Meanwhile, some within the Jewish community at large had wondered about a potential Hindu backlash owing to dissatisfaction with being referred to as idolaters by Orthodox Jews. However, Rabbi Israel Singer, the president of the International Jewish Committee for Interreligious Consultations, said his group “has been in contact with Hindu leaders to clarify some misunderstandings that have arisen,” and that Hindu leaders “didn’t take [the idolatry terminology] seriously.”






Find us on Facebook!
  • Is anti-Zionism the new anti-Semitism?
  • "I thought I was the only Jew on a Harley Davidson, but I was wrong." — Gil Paul, member of the Hillel's Angels. http://jd.fo/g4cjH
  • “This is a dangerous region, even for people who don’t live there and say, merely express the mildest of concern about the humanitarian tragedy of civilians who have nothing to do with the warring factions, only to catch a rash of *** (bleeped) from everyone who went to your bar mitzvah! Statute of limitations! Look, a $50 savings bond does not buy you a lifetime of criticism.”
  • That sound you hear? That's your childhood going up in smoke.
  • "My husband has been offered a terrific new job in a decent-sized Midwestern city. This is mostly great, except for the fact that we will have to leave our beloved NYC, where one can feel Jewish without trying very hard. He is half-Jewish and was raised with a fair amount of Judaism and respect for our tradition though ultimately he doesn’t feel Jewish in that Larry David sort of way like I do. So, he thinks I am nuts for hesitating to move to this new essentially Jew-less city. Oh, did I mention I am pregnant? Seesaw, this concern of mine is real, right? There is something to being surrounded by Jews, no? What should we do?"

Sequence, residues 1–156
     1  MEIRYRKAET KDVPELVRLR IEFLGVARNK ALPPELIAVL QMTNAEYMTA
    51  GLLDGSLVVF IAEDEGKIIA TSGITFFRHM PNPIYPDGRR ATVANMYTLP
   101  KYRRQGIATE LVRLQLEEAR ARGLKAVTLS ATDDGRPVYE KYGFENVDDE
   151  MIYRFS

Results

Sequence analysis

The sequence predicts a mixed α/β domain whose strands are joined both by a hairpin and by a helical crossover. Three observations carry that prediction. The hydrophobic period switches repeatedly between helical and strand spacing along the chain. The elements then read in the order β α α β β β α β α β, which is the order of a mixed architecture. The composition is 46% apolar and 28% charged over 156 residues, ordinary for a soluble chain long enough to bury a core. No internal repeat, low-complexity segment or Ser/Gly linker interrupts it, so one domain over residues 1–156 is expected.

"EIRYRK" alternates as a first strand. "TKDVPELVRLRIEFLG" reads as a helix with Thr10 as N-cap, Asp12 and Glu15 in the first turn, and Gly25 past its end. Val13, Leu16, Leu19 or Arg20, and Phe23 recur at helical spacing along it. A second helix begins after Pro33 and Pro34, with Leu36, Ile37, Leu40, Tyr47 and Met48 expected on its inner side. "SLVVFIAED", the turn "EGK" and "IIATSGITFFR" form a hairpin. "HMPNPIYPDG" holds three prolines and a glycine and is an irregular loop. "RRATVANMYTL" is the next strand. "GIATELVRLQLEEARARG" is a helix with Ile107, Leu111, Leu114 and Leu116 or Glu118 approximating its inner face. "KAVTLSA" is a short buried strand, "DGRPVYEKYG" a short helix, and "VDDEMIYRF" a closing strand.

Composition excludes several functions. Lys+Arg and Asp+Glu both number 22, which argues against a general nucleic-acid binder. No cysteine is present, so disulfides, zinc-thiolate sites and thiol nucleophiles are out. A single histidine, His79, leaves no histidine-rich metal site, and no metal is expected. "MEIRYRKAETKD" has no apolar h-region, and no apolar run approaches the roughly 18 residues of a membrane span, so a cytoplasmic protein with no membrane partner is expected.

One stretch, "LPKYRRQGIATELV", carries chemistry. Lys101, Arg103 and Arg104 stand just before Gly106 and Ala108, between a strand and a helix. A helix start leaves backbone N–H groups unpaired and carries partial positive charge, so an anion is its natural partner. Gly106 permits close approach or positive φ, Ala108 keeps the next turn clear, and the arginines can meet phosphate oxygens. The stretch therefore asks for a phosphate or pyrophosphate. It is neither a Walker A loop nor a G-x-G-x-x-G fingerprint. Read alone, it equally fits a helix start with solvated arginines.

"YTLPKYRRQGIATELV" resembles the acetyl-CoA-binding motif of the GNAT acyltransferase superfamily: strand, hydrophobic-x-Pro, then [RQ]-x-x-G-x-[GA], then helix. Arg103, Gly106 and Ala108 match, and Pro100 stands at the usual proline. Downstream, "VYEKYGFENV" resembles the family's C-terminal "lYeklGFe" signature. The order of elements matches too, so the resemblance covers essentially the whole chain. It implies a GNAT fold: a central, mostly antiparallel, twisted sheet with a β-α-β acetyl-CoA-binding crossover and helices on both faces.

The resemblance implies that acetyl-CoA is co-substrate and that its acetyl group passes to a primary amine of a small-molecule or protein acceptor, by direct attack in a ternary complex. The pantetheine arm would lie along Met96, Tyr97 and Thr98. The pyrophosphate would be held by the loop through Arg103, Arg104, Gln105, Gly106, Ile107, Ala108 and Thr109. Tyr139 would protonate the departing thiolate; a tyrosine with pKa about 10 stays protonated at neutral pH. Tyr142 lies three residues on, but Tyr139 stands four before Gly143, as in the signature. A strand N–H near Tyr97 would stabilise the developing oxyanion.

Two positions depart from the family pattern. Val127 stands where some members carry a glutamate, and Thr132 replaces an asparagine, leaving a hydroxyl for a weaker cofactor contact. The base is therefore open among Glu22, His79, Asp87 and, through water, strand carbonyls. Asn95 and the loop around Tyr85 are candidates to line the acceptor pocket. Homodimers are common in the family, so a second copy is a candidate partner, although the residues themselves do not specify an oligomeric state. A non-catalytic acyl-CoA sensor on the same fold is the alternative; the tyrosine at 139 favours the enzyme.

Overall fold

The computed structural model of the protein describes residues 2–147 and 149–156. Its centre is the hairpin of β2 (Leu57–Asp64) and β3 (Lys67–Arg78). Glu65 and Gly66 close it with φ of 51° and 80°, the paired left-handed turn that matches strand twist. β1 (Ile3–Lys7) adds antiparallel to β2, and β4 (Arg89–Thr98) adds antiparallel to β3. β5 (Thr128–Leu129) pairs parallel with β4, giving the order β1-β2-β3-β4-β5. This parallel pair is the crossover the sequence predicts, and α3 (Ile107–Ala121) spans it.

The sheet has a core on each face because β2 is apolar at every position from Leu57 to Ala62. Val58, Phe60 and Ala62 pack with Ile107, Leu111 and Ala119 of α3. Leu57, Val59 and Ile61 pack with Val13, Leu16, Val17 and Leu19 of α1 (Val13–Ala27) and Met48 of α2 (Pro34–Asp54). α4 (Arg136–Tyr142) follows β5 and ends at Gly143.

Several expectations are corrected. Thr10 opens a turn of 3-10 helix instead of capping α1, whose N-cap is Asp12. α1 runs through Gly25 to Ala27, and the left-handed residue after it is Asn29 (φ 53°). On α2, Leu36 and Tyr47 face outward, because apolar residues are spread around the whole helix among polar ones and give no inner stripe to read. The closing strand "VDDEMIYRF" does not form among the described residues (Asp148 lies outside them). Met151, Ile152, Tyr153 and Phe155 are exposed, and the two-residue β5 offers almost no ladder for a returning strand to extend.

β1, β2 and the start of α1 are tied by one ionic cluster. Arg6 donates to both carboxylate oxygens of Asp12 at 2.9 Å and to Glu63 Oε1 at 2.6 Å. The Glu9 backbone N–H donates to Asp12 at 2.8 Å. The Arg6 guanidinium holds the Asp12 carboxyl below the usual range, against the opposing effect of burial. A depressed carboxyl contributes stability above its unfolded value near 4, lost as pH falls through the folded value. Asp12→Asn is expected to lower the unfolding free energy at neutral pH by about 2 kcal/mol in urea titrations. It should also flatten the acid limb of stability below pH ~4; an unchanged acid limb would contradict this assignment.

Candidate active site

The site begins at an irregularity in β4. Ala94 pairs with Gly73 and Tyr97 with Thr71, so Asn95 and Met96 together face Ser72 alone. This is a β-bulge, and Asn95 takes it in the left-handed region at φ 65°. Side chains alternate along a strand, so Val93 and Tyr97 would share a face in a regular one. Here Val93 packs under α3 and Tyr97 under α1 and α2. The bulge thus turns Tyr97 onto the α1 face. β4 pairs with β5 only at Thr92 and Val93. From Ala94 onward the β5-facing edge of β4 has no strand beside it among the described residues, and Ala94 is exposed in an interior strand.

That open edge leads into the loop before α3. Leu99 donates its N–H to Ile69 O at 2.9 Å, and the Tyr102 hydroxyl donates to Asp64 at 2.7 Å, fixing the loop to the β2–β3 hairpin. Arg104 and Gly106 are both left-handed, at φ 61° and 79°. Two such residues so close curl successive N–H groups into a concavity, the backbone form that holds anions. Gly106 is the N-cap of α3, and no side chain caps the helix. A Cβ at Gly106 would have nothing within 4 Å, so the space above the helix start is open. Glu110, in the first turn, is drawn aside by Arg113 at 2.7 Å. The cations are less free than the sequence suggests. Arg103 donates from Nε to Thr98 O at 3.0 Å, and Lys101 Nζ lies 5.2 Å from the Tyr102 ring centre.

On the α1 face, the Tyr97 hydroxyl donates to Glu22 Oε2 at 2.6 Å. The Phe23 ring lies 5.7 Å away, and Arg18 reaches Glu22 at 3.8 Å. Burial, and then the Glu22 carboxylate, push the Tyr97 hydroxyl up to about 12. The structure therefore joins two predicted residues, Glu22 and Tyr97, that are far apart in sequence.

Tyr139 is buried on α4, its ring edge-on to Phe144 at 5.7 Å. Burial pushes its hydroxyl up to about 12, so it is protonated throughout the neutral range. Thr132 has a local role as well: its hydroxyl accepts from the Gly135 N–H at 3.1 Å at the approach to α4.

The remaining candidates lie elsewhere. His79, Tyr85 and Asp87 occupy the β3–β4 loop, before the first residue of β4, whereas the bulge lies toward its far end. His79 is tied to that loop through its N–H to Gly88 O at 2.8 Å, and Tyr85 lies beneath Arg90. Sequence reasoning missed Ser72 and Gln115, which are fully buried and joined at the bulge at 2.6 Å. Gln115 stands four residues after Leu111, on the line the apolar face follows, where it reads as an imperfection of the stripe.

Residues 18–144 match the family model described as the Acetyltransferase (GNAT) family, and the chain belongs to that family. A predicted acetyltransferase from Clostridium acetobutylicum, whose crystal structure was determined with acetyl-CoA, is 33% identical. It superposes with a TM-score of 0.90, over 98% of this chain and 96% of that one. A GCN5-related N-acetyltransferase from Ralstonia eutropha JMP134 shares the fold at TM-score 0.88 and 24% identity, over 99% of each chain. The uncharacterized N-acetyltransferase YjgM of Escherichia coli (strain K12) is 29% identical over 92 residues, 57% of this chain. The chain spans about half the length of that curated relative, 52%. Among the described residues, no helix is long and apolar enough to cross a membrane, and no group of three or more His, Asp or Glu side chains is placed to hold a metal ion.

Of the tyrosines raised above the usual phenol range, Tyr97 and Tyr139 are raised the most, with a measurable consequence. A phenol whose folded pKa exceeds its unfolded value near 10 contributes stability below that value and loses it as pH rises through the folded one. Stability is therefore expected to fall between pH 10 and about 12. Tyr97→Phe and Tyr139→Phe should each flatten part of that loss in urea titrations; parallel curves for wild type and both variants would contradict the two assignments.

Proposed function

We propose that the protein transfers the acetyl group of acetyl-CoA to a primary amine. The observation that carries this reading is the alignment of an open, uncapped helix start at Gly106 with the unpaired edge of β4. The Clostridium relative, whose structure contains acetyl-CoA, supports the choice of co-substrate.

• "Orwell described the cliches of politics as 'packets of aspirin ready at the elbow.' Israel's 'right to defense' is a harder narcotic."
  • From Gene Simmons to Pink — Meet the Jews who rock:
  • The images, which have since been deleted, were captioned: “Israel is the last frontier of the free world."
  • As J Street backs Israel's operation in Gaza, does it risk losing grassroots support?
  • What Thomas Aquinas might say about #Hamas' tunnels:
  • The Jewish bachelorette has spoken.
  • "When it comes to Brenda Turtle, I ask you: What do you expect of a woman repressed all her life who suddenly finds herself free to explore? We can sit and pass judgment, especially when many of us just simply “got over” own sexual repression. But we are obliged to at least acknowledge that this problem is very, very real, and that complete gender segregation breeds sexual repression and unhealthy attitudes toward female sexuality."
  • "Everybody is proud of the resistance. No matter how many people, including myself, disapprove of or even hate Hamas and its ideology, every single person in Gaza is proud of the resistance." Part 2 of Walid Abuzaid's on-the-ground account of life in #Gaza:
  • After years in storage, Toronto’s iconic red-and-white "Sam the Record Man" sign, complete with spinning discs, will return to public view near its original downtown perch. The sign came to symbolize one of Canada’s most storied and successful Jewish family businesses.
  • Is $4,000 too much to ask for a non-member to be buried in a synagogue cemetery?
  • from-cache

Would you like to receive updates about new stories?




















We will not share your e-mail address or other personal information.

Already subscribed? Manage your subscription.